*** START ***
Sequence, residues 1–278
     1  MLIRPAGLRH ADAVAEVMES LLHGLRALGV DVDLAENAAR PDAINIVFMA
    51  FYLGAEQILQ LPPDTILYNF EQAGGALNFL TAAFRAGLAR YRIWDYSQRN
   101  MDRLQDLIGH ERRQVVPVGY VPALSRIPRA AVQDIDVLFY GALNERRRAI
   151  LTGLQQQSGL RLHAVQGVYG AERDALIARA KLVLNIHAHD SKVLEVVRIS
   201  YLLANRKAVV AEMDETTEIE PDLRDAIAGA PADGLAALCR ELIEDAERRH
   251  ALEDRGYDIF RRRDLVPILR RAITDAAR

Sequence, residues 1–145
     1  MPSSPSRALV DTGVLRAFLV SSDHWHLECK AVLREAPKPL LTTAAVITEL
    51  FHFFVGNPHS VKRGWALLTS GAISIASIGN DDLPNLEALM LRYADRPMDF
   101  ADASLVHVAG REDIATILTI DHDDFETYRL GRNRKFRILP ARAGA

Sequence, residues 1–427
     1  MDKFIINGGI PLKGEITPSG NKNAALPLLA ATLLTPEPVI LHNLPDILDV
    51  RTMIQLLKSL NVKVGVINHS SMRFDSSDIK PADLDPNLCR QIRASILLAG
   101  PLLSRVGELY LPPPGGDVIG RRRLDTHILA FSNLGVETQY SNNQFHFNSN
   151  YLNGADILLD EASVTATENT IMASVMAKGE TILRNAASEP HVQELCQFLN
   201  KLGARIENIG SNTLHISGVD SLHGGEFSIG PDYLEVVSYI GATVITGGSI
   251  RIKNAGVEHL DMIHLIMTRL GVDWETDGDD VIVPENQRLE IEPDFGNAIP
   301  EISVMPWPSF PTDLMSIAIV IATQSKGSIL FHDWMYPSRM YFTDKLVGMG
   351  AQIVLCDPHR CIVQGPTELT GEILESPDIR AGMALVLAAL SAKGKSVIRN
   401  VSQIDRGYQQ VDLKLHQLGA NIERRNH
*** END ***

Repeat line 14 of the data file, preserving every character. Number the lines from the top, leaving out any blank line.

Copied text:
    51  RTMIQLLKSL NVKVGVINHS SMRFDSSDIK PADLDPNLCR QIRASILLAG